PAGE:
First we confirmed the previous report by Ohgaki [23] that the phosphoinositide 3-kinase (PI3K) pathway is often constitutively active in GB as a result of mutations and loss of a tumor suppressor, PTEN, compared with the other cancer cell lines (Additional file 1). Because of this phenomenon, it is assumed that GB is one of the most malignant cancers with a very poor prognosis. We then examined the cytotoxic activity and mechanism of Antp-TPR peptide in GB cells. As shown in Figure 1A, addition of Antp-TPR peptide to GB cells (U251, A172, and SN19) resulted in concentration-dependent cytotoxicity, and at 50 μM all the cells tested lost their viability. The IC50 values of Antp-TPR peptide in the GB cell lines, U251, A172, and SN19 were 26–36 μM, as shown in Table 1. When we examined the expression levels of Hsp70, Hsp90, and Akt, which is one of the client proteins of Hsp90 in GB cell lines, it was found that the endogenous expression levels of these proteins were equally unremarkable, and that PTEN was lost in these GB cells compared with the other cancer and normal cell lines (Figure 1B and Additional file 1).
Figure 1

Cytotoxic activity of Antp-TPR hybrid peptide to GB cells. (A) Viability of GB cells (U251, A172, and SN19) treated with Antp-TPR peptide. Cells were incubated with Antp-TPR peptide at the indicated concentrations, and analyzed for cell viability as described in the Materials and Methods section. Data represent the mean ± SD from experiments performed in triplicate. (B) Analysis of Hsp90, Hsp70, PTEN, and Akt expression in GB and normal cell lines. Cell extracts from the indicated GB and normal PE (ACBRI 515) cell lines were examined for Hsp90, Hsp70, PTEN, and Akt expression by Western-blot analysis with corresponding antibodies. β-Actin was used as the loading control. Bands were visualized by chemiluminescence as described in the Materials and Methods section.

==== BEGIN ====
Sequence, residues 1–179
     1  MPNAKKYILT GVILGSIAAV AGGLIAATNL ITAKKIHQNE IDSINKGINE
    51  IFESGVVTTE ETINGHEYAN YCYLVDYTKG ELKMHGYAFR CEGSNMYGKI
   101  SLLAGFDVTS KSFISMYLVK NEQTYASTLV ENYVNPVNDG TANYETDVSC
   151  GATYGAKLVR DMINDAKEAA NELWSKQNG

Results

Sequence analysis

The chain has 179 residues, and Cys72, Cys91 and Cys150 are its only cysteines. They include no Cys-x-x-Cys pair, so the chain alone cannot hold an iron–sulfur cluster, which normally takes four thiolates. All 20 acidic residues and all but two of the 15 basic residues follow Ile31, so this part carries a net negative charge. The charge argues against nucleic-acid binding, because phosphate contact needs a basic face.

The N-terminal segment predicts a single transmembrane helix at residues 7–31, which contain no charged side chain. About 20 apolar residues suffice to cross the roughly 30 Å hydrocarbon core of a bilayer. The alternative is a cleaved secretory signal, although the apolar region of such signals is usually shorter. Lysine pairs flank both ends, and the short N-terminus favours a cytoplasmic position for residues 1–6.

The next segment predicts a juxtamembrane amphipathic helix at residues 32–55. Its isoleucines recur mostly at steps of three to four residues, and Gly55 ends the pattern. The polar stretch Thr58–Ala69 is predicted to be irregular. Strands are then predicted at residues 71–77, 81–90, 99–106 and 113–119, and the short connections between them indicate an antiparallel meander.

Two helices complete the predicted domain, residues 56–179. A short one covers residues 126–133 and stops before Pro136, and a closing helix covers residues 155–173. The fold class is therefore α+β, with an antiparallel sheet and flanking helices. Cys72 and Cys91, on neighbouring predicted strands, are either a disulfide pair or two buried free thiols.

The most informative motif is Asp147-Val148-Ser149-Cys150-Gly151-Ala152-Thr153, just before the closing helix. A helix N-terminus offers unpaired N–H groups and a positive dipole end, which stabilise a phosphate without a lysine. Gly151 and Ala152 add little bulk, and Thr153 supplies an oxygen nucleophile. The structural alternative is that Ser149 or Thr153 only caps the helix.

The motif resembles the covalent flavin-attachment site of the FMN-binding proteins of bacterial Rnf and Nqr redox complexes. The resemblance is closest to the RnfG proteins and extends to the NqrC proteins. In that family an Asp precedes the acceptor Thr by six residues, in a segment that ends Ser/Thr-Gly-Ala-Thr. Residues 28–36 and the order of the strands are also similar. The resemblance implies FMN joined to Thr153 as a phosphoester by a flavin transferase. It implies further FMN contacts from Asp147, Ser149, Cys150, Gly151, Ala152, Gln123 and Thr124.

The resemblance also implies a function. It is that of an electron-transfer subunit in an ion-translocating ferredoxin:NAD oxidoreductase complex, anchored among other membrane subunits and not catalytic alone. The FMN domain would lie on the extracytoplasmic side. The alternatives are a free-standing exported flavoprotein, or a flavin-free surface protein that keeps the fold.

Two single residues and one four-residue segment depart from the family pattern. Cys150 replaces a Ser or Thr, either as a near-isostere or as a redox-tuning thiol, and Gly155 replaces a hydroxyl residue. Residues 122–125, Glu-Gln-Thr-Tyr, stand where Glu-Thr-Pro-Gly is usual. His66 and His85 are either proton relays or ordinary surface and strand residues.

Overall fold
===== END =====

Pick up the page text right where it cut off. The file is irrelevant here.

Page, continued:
Table 1

Inhibitory concentration (IC 50 ) of Antp-TPR peptide of glioma cells

Cell line

IC50 (μM)*

SN19

26.53 ± 5.78

A172

28.27 ± 7.23

U251

35.70 ± 0.92

* Results are the mean of three independent experiments and each performed in triplicate.

Cytotoxic mechanism of Antp-TPR in GB cells

We previously demonstrated that Antp-TPR peptide induced cancer-cell death through the loss of client proteins of Hsp90 such as CDK4 and Akt in breast cancer T47D cells [20]. These results prompted us to investigate the detailed mechanism of GB cell death as caused by this peptide. As shown in Figure 2A, treatment of GB cells (U251, A172, and SN19) with Antp-TPR resulted in a decrease in the expression of Hsp90 client proteins including p53, CDK4, Akt, and cRaf, in a concentration-dependent manner as compared with control untreated cells. Whereas Antp-TPR did not affect the expression levels of Hsp90, Hsp70, and Hsp27 proteins in GB cells after treatment with this peptide, 17-AAG did induce the up-regulation of these heat-shock proteins (Additional file 2). We next examined the effect of Antp-TPR on transcriptional level of Hsp90 client proteins (cRaf, Akt, and CDK4). Interestingly, it was found that the Antp-TPR peptide almost did not affect the transcription levels of these proteins until it reached 60 μM, and decreased the levels of mRNA for these proteins except for the levels of cRaf and Akt in U251 cells at higher concentrations (80 μM) (Figure 2B). These results indicate that Antp-TPR induces the loss of Hsp90 client proteins through the degradation of both protein and mRNA levels in GB cells. In addition, it was also found that the treatment of GB cells with Antp-TPR did not activate the Erk pathway, which is important for the differentiation and proliferation of cancer cells (Figure 2C).
Figure 2